October 25, 2011

The Cain Smoking Man Ad and Rush Limbaugh

Last night on Twitter there was a brief flurry over the latest Herman Cain Ad.  The controversy is over the "smoking man" at the end of the clip.  But I really don't think that's the problem.


Blowing smoke is clearly not politically correct.  In the current GOP primary environment that might actually be a selling point. The edits are no better than I could do with Windows Movie Maker (and that's not saying much).  Again, in this anti-big government, anti-big-business climate in the country, maybe a small budget effort is the right note to hit. Sure, it's a defiant ad and in a subtle way too. That will appeal to many independent-minded voters.

But there are other, more visceral issues with the ad:

(1) Block is not engaging. He comes across as someone you wouldn't trust. It's got nothing to do with the smoking (although that may indeed be the case for many people). He just seems like he belongs in a back room somewhere, scheming away.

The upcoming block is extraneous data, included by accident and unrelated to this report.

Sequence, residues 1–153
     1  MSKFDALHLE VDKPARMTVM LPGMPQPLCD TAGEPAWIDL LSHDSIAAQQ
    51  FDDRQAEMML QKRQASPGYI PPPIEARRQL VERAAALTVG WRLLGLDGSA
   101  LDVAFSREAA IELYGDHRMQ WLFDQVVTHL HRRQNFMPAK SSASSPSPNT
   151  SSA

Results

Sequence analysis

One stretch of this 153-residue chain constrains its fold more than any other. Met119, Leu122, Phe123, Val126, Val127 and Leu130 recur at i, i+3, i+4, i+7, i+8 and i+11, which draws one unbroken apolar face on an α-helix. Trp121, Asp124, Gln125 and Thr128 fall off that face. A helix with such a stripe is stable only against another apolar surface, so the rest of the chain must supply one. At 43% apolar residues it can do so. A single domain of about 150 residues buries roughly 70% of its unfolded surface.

(2) The unpolished nature of the ad in and of itself will also not appeal to many people who expect slick presentations along the lines of movie preview trailers. It almost hints that Cain doesn't have enough money to do things right to compete in the primaries.

(3) Who the heck is Block? Why him? What can he offer in insight and charisma that Cain can't do himself? Use Cain. Use a supporter. Don't use the campaign staff. Who cares that the campaign is doing things that Block hasn't seen before? Really, who is he, and why should I care what he thinks? He's being paid by Cain.

Allahpundit at Hot Air likes the in your face style, but I think this really does more harm than good. Or at the very least does not do any good.

The most interesting thing I heard about this video was from Thom Mozloom (a Democrat-leaning media expert) who said this morning on POTUS on XM radio that the ad would be rolled out on the Rush Limbaugh show today. That's the right audience. Interestingly for most of Rush's listeners there will obviously be no video to see during the show. That may create an entirely different impression a la the Kennedy Nixon debates on radio versus TV. We'll see. Will Rush bring up the smoking? Probably, he's a cigar guy. He'll probably like it. So that's likely a great move by Cain.

My concern for Cain is just that this probably isn't the best ad for his money. Then again it has the punditry talking, and maybe that was the plan all along.
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